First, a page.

The Sternberg Museum is joining the City of Hay’s sesquicentennial celebration with a Summer Science Day! On Thursday July 20th from 10am until 2pm, the Museum will have special displays, presentations, and activities exploring the topic of WEATHER. Interact with Museum and FHSU scientists to learn about weather phenomena, the effects of weather on plants and animals, and the diferences between weather and climate. There will be activities for all ages. No additional costs for special programming, but normal admission fees apply. Museum and exhibits are open all day, but special programming is from 10am to 2pm only, so don’t miss out!
Join us as we celebrate Hays and science this summer!
Beginning Saturday, May 27, get a glimpse at what life was like before the greatest mass extinction of all time. You will have the opportunity to travel back in time to the super continent, Pangea, when bizarre reptiles and amphibians ruled the Earth, 50 million years before dinosaurs first graced the planet. Interact with animatronic Permian creatures and set your sights on skeletons of these magnificent beasts for yourself. This unique expedition closes Labor Day weekend.
Hays, KS – Most of us find intrinsic joy in being out in nature, and for some, thinking about the science of the natural world brings them even more joy. Middle and high school students who are fascinated by science topics like why there are so many species or how animals live in severe environments can satisfy that curiosity at the Sternberg Museum of Natural History Science Camps. Each summer, David Levering, Director of Education at the Sternberg, leads camps in which students can immerse themselves in paleontology and biology.
The camps are equal parts education and adventure. Camp students have explored the sparkling white sands in the Chihuahuan Desert, stunning rock formations at Arches National Park, and areas full of fossils right here in western Kansas.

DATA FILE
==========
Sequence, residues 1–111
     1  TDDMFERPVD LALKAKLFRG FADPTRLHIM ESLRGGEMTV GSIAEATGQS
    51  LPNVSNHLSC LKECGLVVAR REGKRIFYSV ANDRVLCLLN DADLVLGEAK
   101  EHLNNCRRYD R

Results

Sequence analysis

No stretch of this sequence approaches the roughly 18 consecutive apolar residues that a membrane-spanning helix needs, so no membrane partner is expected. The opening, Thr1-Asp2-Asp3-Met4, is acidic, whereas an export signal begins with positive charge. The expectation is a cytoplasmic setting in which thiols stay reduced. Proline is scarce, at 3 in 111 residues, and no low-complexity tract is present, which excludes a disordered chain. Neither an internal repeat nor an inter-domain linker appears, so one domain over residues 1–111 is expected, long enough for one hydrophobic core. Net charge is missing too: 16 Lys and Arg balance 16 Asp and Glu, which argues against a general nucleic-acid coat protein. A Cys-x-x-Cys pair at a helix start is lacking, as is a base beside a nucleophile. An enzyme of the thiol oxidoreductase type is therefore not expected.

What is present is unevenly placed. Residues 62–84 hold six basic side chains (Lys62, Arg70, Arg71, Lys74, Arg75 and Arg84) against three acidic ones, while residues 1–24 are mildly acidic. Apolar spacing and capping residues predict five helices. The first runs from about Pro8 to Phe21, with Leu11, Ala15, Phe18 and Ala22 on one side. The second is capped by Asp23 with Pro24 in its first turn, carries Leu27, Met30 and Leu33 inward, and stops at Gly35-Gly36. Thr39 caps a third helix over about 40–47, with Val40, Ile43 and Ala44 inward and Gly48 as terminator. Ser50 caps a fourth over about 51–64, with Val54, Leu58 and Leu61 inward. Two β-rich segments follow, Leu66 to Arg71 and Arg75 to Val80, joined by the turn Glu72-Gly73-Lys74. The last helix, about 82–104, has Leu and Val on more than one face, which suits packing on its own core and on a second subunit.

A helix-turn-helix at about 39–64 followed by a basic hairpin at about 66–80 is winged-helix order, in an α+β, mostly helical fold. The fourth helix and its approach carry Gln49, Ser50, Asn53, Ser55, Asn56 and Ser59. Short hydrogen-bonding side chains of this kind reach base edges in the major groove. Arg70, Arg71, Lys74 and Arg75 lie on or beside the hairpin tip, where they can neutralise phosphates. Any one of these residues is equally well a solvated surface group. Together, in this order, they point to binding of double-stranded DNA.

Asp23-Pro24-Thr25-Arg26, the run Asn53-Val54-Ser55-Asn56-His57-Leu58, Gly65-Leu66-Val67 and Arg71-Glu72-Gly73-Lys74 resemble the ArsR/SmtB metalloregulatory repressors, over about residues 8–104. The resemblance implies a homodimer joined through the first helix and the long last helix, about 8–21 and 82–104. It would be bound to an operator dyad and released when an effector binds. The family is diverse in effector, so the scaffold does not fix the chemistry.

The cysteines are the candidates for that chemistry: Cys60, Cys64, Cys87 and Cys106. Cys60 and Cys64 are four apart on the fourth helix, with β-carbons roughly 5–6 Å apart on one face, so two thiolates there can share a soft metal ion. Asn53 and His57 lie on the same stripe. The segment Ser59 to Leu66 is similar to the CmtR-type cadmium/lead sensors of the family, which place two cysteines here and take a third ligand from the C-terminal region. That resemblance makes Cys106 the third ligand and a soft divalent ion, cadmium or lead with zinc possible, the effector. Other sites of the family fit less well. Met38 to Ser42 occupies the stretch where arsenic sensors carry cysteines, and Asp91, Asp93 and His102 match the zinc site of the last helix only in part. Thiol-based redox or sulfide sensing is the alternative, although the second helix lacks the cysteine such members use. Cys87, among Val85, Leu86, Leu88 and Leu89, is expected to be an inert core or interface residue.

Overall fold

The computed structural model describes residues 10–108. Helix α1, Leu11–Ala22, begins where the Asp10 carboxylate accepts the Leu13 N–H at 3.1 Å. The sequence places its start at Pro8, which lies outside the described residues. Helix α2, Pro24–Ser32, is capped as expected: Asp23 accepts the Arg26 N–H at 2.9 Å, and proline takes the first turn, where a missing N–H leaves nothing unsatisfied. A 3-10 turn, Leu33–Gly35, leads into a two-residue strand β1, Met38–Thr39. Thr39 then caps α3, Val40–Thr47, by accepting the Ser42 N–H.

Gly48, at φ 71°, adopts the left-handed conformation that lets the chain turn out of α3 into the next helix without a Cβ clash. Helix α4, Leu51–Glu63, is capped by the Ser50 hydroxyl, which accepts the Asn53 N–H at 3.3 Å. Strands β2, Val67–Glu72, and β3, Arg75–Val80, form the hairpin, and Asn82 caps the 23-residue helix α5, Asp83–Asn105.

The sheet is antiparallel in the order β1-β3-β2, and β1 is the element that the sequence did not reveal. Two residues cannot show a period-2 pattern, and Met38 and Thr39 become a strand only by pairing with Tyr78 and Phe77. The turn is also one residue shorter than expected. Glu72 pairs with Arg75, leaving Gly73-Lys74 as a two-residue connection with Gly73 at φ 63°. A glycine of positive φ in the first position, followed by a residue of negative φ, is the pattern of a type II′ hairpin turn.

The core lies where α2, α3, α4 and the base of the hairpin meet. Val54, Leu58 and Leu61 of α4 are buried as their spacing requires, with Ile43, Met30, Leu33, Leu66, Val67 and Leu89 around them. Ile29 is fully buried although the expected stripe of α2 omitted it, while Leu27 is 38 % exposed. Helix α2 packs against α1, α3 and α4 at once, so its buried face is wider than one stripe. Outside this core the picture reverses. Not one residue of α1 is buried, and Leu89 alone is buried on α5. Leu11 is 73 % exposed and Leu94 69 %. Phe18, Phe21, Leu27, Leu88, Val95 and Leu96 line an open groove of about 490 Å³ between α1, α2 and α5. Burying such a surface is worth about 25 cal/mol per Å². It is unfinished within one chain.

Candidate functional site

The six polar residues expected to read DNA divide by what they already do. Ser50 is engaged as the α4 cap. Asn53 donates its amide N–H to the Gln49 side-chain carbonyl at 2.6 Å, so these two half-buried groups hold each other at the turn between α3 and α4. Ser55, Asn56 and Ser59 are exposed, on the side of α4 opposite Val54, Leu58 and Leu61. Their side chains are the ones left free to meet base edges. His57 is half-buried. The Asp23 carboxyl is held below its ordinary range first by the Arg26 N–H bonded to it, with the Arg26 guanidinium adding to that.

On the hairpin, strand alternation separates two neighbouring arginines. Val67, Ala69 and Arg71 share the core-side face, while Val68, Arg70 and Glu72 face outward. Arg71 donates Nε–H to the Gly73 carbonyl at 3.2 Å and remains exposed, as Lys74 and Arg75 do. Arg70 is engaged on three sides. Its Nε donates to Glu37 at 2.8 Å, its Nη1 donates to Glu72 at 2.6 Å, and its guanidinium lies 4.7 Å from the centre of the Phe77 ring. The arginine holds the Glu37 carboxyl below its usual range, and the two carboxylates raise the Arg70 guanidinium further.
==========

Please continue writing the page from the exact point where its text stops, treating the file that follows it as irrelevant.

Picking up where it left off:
Over the past three years, the Sternberg has offered Field Naturalist Camp and Paleontology Expedition Camp for middle school students, and Southwest Biology Camp and Sternberg Paleontology Camp for high school students. The two paleontology camps make use of the rich fossil resources in Kansas, while Field Naturalist Camp takes students to Utah, and Southwest Biology Camp take students New Mexico.
The benefits of attending one of the camps are many. Jackson Stanton, a high school student from Hays who participated in the Southwest Biology Camp said, “I have found a calling for my life.” Stanton plans to pursue a career in herpetology, the study of amphibians and reptiles.
For Emiri White, a middle school student who attended the Paleontology Expedition Camp, getting to find and identify fossils the way a paleontologist would was a “great learning experience.” White added, “That was probably the part I most enjoyed about the camp.”
The popularity of the camps is due to how they are structured. Camp students learn science techniques by being allowed to try them out for themselves. It’s not uncommon for a camp student to hold a wild bat or dig out part of a mosasaur fossil – under supervision, of course.
At first some students may feel a bit unsure or uncomfortable working outside, holding animals, or operating equipment. Those feelings quickly fade as students get practice doing these new techniques in a safe environment. After returning from camp, students reported feeling more confident when approaching new challenges.
Levering and the other camp instructors welcome and encourage questions from participants, and hold regular discussions to enrich each student’s understanding of science. These conversations complement the field-based portions of the camps by building the educational foundation behind the activities in which students take part. “This [structure] sets our program apart from the way other programs operate,” Levering said.